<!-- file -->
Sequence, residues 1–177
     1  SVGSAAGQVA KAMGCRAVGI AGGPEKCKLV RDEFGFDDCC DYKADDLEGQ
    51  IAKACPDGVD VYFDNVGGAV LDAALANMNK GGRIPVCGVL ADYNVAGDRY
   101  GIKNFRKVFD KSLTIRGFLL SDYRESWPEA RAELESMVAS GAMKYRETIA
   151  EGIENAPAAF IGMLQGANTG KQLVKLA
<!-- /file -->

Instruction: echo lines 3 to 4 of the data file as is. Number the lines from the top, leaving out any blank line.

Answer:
    51  IAKACPDGVD VYFDNVGGAV LDAALANMNK GGRIPVCGVL ADYNVAGDRY
   101  GIKNFRKVFD KSLTIRGFLL SDYRESWPEA RAELESMVAS GAMKYRETIA